7. Simple, Fast Setup – Ethernet provides producers more options, whether it’s safety, fieldbus, less programming or web servers. It allows plants to move between protocols or implement a fieldbus for the first time in simple, plug-in fashion. Many products are self-configuring, as they automatically recognize the master protocol.
  8. Other Benefits – Some additional minor benefits of industrial automation design with Ethernet for I/O include: Single (or pair for high-availability) interconnect for networking and storage I/O; Power reduction, more efficient cooling and floor space use and a more sustainable plant environment; Server performance improvements, maximizing PCI and mezzanine slots; Better scaling of I/O capacity to handle high-performance and clustered application needs.

Cons of adding Ethernet for I/O

Now that we’ve extensively covered the benefits of Ethernet I/O, we’ll discuss some of the biggest drawbacks:

  • Bandwidth Limitations – Ethernet I/O has limited bandwidth. Many PLCs can only move packet sizes of around 500 bytes, which can be a significant hurdle at times, potentially slowing down operations.
  • Processing Gets Eaten Up by TCP/IP Layers – EtherNet/IP is an application layer protocol that’s transferred inside of a TCP/IP Packet. That means significant processor bandwidth goes to the processing of the TCP/IP layers, again slowing down performance.
  • No Information Modeling – With Ethernet, there’s no true information modeling. You can create objects with attributes but can’t link objects together into any sort of hierarchy. This can create some challenges in real-world implementations of industrial automation design.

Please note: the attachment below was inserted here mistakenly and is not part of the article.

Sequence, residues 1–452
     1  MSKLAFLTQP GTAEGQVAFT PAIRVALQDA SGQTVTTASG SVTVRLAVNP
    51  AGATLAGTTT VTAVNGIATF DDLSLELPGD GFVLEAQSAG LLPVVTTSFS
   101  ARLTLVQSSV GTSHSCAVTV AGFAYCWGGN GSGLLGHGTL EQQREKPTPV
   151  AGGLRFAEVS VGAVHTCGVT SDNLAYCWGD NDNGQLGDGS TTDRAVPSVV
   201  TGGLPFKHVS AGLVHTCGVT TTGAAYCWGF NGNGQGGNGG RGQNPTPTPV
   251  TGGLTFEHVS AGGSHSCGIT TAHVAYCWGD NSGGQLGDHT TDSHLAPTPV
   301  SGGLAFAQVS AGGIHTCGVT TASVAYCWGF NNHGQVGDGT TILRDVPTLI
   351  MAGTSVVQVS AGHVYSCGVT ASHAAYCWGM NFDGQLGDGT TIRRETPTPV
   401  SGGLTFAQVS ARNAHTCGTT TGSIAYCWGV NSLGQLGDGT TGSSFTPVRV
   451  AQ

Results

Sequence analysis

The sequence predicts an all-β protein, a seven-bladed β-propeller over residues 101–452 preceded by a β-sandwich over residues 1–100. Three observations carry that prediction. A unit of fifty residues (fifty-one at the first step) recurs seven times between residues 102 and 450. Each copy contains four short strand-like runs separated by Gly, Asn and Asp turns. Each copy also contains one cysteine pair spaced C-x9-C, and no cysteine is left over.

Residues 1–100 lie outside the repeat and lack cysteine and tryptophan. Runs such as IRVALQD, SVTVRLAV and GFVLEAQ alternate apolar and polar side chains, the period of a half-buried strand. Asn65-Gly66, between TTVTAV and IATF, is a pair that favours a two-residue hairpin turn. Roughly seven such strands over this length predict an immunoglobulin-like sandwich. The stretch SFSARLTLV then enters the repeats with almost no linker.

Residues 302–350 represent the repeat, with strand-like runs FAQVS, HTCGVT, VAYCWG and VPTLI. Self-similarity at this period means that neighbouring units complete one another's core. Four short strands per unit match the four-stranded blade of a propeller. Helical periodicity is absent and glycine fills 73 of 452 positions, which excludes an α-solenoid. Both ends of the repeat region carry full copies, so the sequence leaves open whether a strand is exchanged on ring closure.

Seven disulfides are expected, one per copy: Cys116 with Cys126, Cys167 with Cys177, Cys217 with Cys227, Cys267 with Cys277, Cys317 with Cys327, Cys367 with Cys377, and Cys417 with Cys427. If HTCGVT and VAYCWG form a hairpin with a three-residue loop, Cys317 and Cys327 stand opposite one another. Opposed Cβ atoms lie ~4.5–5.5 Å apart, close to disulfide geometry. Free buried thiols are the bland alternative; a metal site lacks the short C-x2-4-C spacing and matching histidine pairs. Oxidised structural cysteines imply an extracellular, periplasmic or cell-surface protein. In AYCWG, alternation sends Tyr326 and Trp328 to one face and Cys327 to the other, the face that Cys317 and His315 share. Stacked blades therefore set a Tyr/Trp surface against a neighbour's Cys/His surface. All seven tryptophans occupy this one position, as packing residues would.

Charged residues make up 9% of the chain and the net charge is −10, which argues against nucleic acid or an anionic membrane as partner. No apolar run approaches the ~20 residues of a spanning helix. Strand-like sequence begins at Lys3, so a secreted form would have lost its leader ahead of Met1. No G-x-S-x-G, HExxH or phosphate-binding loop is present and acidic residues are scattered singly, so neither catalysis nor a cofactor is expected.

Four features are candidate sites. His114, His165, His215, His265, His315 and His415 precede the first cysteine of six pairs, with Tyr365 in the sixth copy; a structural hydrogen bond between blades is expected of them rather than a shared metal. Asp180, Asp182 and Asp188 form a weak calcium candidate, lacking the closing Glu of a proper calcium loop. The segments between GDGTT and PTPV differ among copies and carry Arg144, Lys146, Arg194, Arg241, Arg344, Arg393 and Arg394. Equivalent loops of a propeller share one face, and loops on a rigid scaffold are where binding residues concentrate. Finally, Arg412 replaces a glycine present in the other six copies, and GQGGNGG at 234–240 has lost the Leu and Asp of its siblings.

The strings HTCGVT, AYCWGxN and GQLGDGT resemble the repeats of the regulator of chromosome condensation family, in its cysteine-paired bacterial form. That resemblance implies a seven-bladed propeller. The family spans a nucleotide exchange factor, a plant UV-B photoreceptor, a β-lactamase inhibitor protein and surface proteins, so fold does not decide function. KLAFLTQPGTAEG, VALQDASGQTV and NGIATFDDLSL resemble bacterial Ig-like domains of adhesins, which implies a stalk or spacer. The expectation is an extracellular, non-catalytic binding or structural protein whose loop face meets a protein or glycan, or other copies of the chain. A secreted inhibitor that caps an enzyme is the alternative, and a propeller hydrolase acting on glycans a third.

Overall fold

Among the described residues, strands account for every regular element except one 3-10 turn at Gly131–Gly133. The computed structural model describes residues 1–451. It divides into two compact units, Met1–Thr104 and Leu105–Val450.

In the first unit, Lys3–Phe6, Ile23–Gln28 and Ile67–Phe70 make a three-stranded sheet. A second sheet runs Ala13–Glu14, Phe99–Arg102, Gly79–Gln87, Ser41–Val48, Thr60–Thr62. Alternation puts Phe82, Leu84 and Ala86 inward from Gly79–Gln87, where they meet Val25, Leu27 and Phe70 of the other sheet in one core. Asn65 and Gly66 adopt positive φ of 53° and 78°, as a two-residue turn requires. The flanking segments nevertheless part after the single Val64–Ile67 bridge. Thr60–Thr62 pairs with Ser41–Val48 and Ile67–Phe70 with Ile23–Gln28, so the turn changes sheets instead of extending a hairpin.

• Equipment Variation – There is limited functionality to Ethernet with certain controllers, so you still need to be careful about selecting the best equipment.
  • Overpowered – In many cases, Ethernet is best used for discrete control applications. It can work in process control, scenarios but it can be an over-powered solution that unnecessarily eats up too much budget. In some cases, more practical, less costly solutions exist.
  • Diagnostics – Generic diagnostics aren’t built into all Ethernet devices. Each device may need to have its own custom diagnostics designed and implemented, which can take up significant time.

Comparison of Ethernet to Other Technologies


I/O Strategy





Ground Loop Tolerance Poor Fair Fair Excellent
Standardized ISO Protocol Layers None Layer 1 Layer 1 Layers 1-3
Communication Data Rate Excellent 115 Kbps 10 Mbps 10-1000 Mbps
Platform Life Expectancy Poor Good Good Good
Expandability Poor Poor Fair Excellent
Standardized Connector None DB9 or DB25 None RJ-45
Host Computer’s Cable Congestion Poor Fair Good Good
Host-to-I/O System Distance Poor Fair Excellent Excellent

Crucial Things to Know

When transitioning to Ethernet I/O, it’s critical to assess a wide range of features to get the right sort of Ethernet. Consider the following Ethernet IOS architectures:

  • Ethernet Per Module Systems
  • Module Carrier Systems
  • Star Cluster Systems

Essential Features

Aside from its architecture, every Ethernet IOS has important functional features that must be evaluated. Every industrial IOS must provide some level of support for the following common functions:

  • Power monitoring
  • Power distribution
  • Interlock support
  • Environmental Protection

We can help

The choice of Ethernet protocol depends on many factors. But most of the time, the PLCs used in your facilities and your customer demand will drive your decision. If you use Siemens, Profibus DP or ProfiNet IO may be your best options. If you’re with Rockwell ControlLogix or CompactLogix, EtherNet/IP or DeviceNet are your best choices. Your application requirements and current infrastructure will drive decision-making.

At EPIC, we have deep expertise across a wide range of systems and technologies, and we’ve helped plants worldwide. If you need expert assistance in selecting the best technologies for your plants industrial automation design, we can help.

Contact us here or call as at 314-806-1678 for assistance.